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Housing for Whom?
Ann Gardner | Via Latina

What gets lost in the current contentious process for accepting the number of “affordable” units each jurisdiction must plan for, is the fact that a substantial number (almost 40%) are for families earning $53,220 to over $95,000 per year. Another 39% are made up of those earning up to the $53,000, the “low income” category. What gets lost is realizing that teachers, municipal employees, health care workers, artists, construction workers and young professionals, to name a few, fit into the “affordable housing” categories.

After listening to the September 6th SANDAG meeting when the decision was made to base the numbers on each jurisdiction’s available public transit (65%) and jobs (35%), some key points made by supporters stood out.

The SANDAG methodology is meant to allow more families to live near their jobs in established neighborhoods with schools and other community benefits. When real estate values in those communities are too high, families move inland where there is little or no public transit and “crushing commutes.” This costs precious time driving, increased greenhouse gas emissions (GHG), and backed up traffic to and from work, not to mention the financial costs of car dependency. Further, new inland subdivisions also cost us natural resources and open space.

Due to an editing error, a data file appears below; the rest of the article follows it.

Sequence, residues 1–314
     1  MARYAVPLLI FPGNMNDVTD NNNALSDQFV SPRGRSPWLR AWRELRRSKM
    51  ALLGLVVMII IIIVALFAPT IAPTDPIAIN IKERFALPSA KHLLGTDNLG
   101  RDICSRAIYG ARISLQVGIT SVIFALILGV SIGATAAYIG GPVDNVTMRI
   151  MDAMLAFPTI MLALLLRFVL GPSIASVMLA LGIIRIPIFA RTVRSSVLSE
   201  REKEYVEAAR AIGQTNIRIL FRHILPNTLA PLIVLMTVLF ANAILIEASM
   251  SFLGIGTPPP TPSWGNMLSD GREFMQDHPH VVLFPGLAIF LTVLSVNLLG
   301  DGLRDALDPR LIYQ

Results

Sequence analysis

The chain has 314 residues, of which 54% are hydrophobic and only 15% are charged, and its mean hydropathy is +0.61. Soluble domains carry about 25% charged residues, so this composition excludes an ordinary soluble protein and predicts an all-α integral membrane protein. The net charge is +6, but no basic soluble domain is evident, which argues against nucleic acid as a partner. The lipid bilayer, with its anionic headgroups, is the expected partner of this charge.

Speakers also noted that changing the allocation to “carve out” the smaller, more expensive coastal cities had already raised a “red flag” with California’s Housing and Community Development staff who will be reviewing each jurisdiction’s new Housing Elements for approval. The implication from the State was clear: the upper income communities cannot get out of their responsibility to find ways to share the responsibility for more housing, less traffic and less GHG by providing more housing near jobs and transit.

San Diego Mayor Faulconer, whose City is assigned 107,901 new units, stood by the 65/35 methodology which he felt supported the proposed Regional Transit Plan by not shoving more housing out into the unincorporated area where where no transit is provided. “Don’t throw our goals out the window. We must prevent sprawl.” He voted against a different methodology that would have given his city fewer units.

Del Mar’s allocation of 163 units is based on the number of local jobs only, since we do not have public transit as defined by the State: rail stations and Rapid Bus. Deputy Mayor Ellie Havilland, Del Mar’s SANDAG representative, was one of two out of the five smaller coastal cities who voted against a “small city carve-out.” At the September 9th City Council meeting she emphasized that her vote was in line with the Council’s expressed commitment to the Regional Transportation Plan, GHS reduction and the Big Five Moves as well as the 65/35 methodology. Because of questions on the SANDAG calculations raised by Councilmember Gaasterland, Havilland asked that this item be placed on the next agenda to reaffirm the Council’s unanimous support of Del Mar’s position.

SANDAG data show that Del Mar already has the highest percentage of Above Moderate incomes of all the jurisdictions in the County. That suggests we risk losing, over a period of time, many more moderate and low income families as those residences are sold and rebuilt for only high income residents. The data show that if we don’t plan for our fair share of affordable housing, we might risk becoming a diminished, smaller than life community…a big loss.



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